CSA Box Week 3 and a recipe

Opening the CSA box is like opening happy Pandora’s box. It’s a big surprise — I actually get excited.

I wanted to let you know that the CSA sent us a cookbook in the mail with pictures of the produce and when to expect it. Even with that help, I’m having trouble with the herbs. The herbs are drawn, not photographed, and I can’t match them to what I’ve got in my box.

I put the box on my counter and got out a pen and paper so I could write everything down, name or not. You guys are going to have to help me out again! Let’s start off with the easy ones, why don’t we…

Beets and onions

I was excited when I saw the onions. I have to tell you I compared them to onions I had in my fridge’s crisper and I was shocked. The fresh ones were almost pretty. Definitely more robust.

Here’s where it gets murky…

Kale, small celery(?), Purple flower herb, random herb. Need help please! I don’t have a clue what these are.

Holy cukes!

Here’s what was at the bottom of the box. I identified arugula in the bag, cabbage heads, cucumbers, zucchini, yellow squash, another patty pan squash (thanks for naming that one for me last week). Wow, what a bounty.

There’s the bag of lettuce (top right)

Our fridge was overflowing with veggies. Whenever I open it, I smile. There’s nothing like having a full fridge. Now if I could figure out something to do with all of this wonderful stuff…

The complete list:

  • 6 beets, two types
  • 2 onions
  • 1 bunch of kale
  • 1 bunch of small celery?
  • 1 bunch purple flower herb
  • 1 bunch random herb
  • 1 bag lettuce
  • 1 bag arugula
  • 2 zucchinis
  • 4 cucumbers
  • 1 patty pan squash
  • 1 yellow squash
  • 2 heads of cabbage


Not being able to identify something makes it hard for me to cook with it. I’m a decent home cook and I’ll take limited risks with straightforward recipes, but being creative in the kitchen with brand-new foods is hard. I still believe I’m over my head with the CSA, but thankfully I’m not curled up in a ball and rocking in a corner.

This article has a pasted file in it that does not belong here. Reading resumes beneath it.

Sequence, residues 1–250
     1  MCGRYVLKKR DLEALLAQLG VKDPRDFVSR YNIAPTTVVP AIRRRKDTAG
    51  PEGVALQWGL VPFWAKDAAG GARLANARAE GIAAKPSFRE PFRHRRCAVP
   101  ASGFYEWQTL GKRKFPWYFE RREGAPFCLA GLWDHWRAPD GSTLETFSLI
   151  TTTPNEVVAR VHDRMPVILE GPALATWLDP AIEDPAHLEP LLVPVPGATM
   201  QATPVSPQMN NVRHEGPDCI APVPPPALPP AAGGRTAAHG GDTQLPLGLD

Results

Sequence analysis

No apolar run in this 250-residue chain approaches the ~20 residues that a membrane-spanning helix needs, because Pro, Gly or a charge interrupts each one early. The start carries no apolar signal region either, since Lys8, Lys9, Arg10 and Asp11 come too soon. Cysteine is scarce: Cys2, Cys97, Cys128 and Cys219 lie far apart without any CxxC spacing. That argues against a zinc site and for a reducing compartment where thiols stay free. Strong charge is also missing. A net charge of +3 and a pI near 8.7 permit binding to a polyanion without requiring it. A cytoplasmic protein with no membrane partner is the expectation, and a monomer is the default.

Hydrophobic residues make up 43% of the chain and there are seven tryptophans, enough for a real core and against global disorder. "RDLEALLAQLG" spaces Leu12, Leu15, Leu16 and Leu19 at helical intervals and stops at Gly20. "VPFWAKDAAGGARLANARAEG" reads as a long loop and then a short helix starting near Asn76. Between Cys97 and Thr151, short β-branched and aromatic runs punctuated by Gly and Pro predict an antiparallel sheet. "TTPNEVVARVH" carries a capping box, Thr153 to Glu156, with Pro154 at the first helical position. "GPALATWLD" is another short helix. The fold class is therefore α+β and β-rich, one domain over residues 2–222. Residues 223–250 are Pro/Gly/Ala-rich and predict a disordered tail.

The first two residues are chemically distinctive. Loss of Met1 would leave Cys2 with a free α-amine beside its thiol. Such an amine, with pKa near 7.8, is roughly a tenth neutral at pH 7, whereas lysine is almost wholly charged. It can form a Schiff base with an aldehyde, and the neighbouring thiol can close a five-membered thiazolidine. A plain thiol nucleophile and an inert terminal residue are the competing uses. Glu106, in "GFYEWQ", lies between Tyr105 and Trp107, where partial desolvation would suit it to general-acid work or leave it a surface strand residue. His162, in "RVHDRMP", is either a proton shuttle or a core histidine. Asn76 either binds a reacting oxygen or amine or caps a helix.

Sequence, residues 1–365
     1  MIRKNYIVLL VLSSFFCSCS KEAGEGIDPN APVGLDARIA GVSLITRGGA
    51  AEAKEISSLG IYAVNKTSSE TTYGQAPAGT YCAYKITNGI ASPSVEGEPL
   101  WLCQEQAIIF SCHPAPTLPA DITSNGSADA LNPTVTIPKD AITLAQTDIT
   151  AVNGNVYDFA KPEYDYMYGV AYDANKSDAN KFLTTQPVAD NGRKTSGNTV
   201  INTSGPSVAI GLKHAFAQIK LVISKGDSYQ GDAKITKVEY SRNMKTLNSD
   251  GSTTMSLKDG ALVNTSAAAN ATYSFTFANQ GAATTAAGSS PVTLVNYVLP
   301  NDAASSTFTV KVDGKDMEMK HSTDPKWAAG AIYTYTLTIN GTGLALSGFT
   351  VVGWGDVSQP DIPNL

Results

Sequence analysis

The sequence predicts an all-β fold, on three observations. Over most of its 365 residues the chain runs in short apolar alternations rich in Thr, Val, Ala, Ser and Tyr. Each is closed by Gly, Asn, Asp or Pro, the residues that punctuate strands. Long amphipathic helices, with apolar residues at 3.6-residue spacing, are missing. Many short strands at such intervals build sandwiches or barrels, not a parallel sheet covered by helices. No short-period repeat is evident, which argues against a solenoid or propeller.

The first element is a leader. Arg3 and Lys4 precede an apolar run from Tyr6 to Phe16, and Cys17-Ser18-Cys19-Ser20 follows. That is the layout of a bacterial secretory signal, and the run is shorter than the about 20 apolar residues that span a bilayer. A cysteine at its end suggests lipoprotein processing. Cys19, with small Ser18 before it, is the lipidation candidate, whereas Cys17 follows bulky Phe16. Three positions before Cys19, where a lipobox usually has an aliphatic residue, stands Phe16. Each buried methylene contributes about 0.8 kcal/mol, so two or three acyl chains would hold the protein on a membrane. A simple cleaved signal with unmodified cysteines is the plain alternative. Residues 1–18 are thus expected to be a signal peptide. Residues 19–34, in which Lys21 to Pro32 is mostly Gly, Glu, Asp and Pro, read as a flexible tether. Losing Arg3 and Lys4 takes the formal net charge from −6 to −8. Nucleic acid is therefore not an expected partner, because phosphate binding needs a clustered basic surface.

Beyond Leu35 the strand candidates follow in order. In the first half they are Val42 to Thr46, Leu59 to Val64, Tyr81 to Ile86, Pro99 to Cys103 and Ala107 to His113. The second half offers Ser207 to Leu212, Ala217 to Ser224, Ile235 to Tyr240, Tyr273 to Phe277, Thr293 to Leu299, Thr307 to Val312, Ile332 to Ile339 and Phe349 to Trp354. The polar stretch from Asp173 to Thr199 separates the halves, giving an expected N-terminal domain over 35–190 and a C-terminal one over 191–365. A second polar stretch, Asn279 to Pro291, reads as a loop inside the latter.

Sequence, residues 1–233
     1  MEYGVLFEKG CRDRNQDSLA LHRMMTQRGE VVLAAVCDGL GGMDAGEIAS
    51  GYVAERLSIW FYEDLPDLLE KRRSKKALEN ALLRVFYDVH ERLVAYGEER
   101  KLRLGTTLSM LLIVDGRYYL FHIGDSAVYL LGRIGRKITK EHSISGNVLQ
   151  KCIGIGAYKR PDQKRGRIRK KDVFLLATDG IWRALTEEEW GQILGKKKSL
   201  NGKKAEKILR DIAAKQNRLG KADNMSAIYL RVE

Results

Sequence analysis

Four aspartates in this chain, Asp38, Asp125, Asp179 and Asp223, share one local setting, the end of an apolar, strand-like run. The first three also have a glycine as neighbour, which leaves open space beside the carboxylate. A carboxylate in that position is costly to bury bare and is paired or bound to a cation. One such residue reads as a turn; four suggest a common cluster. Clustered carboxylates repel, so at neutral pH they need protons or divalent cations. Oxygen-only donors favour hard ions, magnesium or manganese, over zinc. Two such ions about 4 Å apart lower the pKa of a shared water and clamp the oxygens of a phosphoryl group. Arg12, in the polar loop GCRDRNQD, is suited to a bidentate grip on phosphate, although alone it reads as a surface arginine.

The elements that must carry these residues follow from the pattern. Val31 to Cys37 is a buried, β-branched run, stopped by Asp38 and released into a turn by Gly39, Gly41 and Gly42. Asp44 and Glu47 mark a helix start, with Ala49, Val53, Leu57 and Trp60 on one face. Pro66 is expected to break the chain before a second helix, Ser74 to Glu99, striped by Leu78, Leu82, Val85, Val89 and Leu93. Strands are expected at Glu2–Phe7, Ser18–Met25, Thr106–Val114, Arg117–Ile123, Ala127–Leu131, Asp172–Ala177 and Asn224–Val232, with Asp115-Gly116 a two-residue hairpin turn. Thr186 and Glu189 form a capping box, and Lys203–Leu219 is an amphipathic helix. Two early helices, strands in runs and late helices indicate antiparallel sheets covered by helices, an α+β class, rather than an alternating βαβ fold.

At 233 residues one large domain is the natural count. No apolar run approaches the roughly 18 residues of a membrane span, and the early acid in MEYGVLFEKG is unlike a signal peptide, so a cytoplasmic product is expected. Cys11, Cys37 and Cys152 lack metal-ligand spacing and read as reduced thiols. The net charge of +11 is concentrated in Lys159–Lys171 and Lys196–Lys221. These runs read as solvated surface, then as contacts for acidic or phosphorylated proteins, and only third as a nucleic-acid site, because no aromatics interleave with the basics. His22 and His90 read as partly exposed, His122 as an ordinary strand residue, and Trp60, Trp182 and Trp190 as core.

Thanks for all your terrific suggestions with last week’s CSA post. I loved the idea of garlic scape pesto, but considering I’ve never made a regular pesto, I decided I’m not ready for that.

I got those gorgeous onions from the farm (see above picture), but I already had ten yellow onions that I had purchased from the store the week previous. I needed to use those up and fast. I remembered that when I’d roasted a chicken, using Jamie Oliver’s recipe from the Food Revolution cookbook, my husband had gone nuts for the roasted onions. So I thought I’d try that with the garlic scapes. This is the world’s most basic recipe — it’s for a beginner like me. I served the onions with red quinoa and large pan-fried sausages.

Oven roasted onions with garlic scapes

  • 2 onions (as many onions as you have people — subtracting kids)
  • 2 garlic scapes
  • olive oil
  • salt


Preheat oven to 400 degrees. Chop onions in quarters and then chop garlic scapes. Place onions on a foil-lined baking sheet or roasting pan. Scatter the garlic scapes. Drizzle liberally with olive oil. Sprinkle with salt. Toss. Place in the oven for 25-30 minutes depending on your oven.

I ended up switching to a 13 by 9 pan. This is far too crowded for even cooking.

Getting the scapes prepped. I keep wanting to call them garlic “snapes” — I must have Harry Potter and Professor Snape on the brain. Now only if I could get childcare so that my husband and I could go out and see the movie! Man, I love Alan Rickman.

Another before shot. I didn’t do an “after” shot because I wasn’t sure I would share this recipe with you because it’s incredibly boring and nowhere near fancy. But hey, why not? The onions were a big hit with my son, which surprised my husband and me. The kid hates quinoa now, too. Win some, lose others.

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31 thoughts on “CSA Box Week 3 and a recipe

  1. Looks like fun!  In your mystery picture, it looks like kale on the left, flat leaf (Italian) parsley in the middle, and sage on the right.  Thanks for sharing!

  2. I agree with the Kale, parsley and sage.  The purple flower looks like the mint family- could it be “anise hyssop”?  or some kind of basil?  Taste it!

  3. The herb on the right is definitely sage.  I think the one with the purple flower is a mint, but I’m not sure which.  Try a little and see what it tastes like!

  4. Sage definitely is the herb on the far right.